The most famous Egyptian ruler was actually a rather insignificant figure in the history of Egypt.
In November 1922, in the Egyptian Valley of Kings, both the Egyptologist Howard Carter and amateur archaeologist George Herbert Carnarvon stumbled across a hidden entrance in the tomb of pharaoh Ramesses VI. It led to another funeral site.
When the entrance was cleared, a unique picture appeared before the scientists’ eyes – they’ve just found one of the few tombs of the Pharaoh which was not yet plundered in the past millennium.
The mummy of Tutankhamun was discovered in a gold sarcophagus with turquoise ornaments.
From then on, Tutankhamun became one of the most important figures in ancient Egyptian history. Even those unfamiliar the Country of Pharaohs, have heard of the name Tutankhamun.
Until the beginning of the 20th century Egyptologists actually knew very little about Tutankhamun. Besides, his reign as a pharaoh was placed under question by many.
Later investigations revealed that those who wanted to erase Tutankhamun from history were the rulers who replaced him illegally and tried to hide all compromising evidence.
Illustrations of Tutankhamun were removed; his face, arms, legs and thighs were erased from his statues. For the ancient Egyptians it was much easier to fill up the entrance of the tomb, rather than to desecrate it.
The Heir of the Great Reformer
What made Tutankhamun so inconvenient for his successors?
Tutankhamun reigned over Ancient Egypt from 1332 until 1323 BC He was crowned at the age of 10 and passed away before reaching his twenties.
Scientists share different opinions about the origin of Tutankhamun. Some assume he was a son of pharaoh Echnaton, while others believe that the father of Tutankhamun was pharaoh Smenkhara who was a son or a brother of Echnaton.
This revolutionary reform was started by Echnaton and aimed at depriving of power the influential caste of the priests.
The opposition between the new and the old beliefs was so fierce that Echnaton left Thebes, where the priests had a lot of influence which is why the pharaoh ordered a new city to be built – it was to become the new capital.
The city of Akhetaten became a centre for propagation of the new religion which very soon had to fight for its own existence. The pharaoh reformer found himself in isolation and even though he did not give up his plans, he could not in anyway defeat the believers of the old.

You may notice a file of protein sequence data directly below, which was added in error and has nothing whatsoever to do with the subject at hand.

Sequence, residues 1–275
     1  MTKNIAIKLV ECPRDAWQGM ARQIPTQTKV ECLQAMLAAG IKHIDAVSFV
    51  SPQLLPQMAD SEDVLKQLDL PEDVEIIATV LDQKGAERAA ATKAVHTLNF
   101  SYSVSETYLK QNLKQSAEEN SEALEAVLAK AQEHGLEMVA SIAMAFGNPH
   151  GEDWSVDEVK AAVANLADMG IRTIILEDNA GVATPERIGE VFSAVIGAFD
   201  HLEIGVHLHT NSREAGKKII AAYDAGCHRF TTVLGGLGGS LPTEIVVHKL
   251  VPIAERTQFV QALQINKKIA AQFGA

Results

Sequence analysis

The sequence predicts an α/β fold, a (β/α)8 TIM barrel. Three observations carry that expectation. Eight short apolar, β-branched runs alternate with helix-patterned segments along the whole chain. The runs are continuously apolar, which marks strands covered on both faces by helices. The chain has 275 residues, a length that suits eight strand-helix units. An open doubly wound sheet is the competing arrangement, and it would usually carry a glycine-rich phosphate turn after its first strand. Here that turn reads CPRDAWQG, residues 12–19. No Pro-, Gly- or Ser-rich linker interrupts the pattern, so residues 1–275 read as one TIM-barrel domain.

Following Echnaton’s death, a process of bringing back the previous belief of the Egyptians started which lasted the reign of several pharaohs.
One of these ‘intermediate rulers’ was Tutankhamun whose name initially was Tutankhaten (literally meaning “Living Image of Aten”).
The death of the advocate for “centralism”
In the first few years Tutankhamun followed the religion of Echnaton, but after that returned to his old believes and even changed his name.
Aside of that, as he gave back the rights to the followers of the old faith, Tutankhamun began prosecuting the Aten followers hoping to keep the peace in the kingdom.
In order to keep the balance in his country, Tutankhamun left Akhetaten but did not return to Thebes and instead stayed in Memphis.
Two experienced politicians exerted great influence upon Tutankhamun – the dignitary Ay and military commander Horemheb. In fact, the whole nine years of Tutankhamun’s reign passed under their guardianship which the young pharaoh did not have the chance to escape from.
The main figure in this chain was Echnaton – the pharaoh reformer who made an attempt to introduce monotheism in Egypt. According to it the Egyptians had to worship the solar disc – Aten – and the pharaoh himself as a chief priest of the new God.
Arguments behind the reason of Tutankhamun’s early death continue to this day. Scientists noticed a wreath of cornflowers and daisies on the mummy’s neck. Because flowers in Egypt blossom in March and April and the mummification process lasts for 70 days, the conclusion was drawn – Tutankhamun died in December or January.
This time of the year was considered to be the peak of the hunting season in Egypt the following suggestion emerged: Tutankhamun probably injured himself fatally during a hunt.
Among the alternative versions were death from malaria or even a murder perpetrated by Ay and Horemheb who decided to get rid of the obstacle between them and the authority.
Repressed even after his death
Ay and Horemheb actually became the successors of Tutankhamun and did everything possible to erase the traces of his reign.
Horemheb was extremely successful in his endeavour as he fully destroyed the remains of Aten’s cult. Furthermore, he deleted four of his predecessors from the pharaohs’ list of Egypt including his ‘partner’ Ay as he proclaimed himself to be the heir of Amenhotep III – the last pharaoh before the age of Aten.
‘The heretic pharaohs’ were condemned to oblivion. The city of Akhetaten was destroyed as well as the tombs of the ‘sinful’ rulers and their entourage. The Tutankhamun’s tomb was the only one to survive.
This is exactly what allowed Tutankhamun to come out of oblivion after three millennia and become the ‘star’ of Ancient Egypt for the people of the 20th and the 21st centuries.
Thanks to English archaeologists, Tutankhamun’s ‘posthumous glory’ turned out to be brighter and richer than his actual life.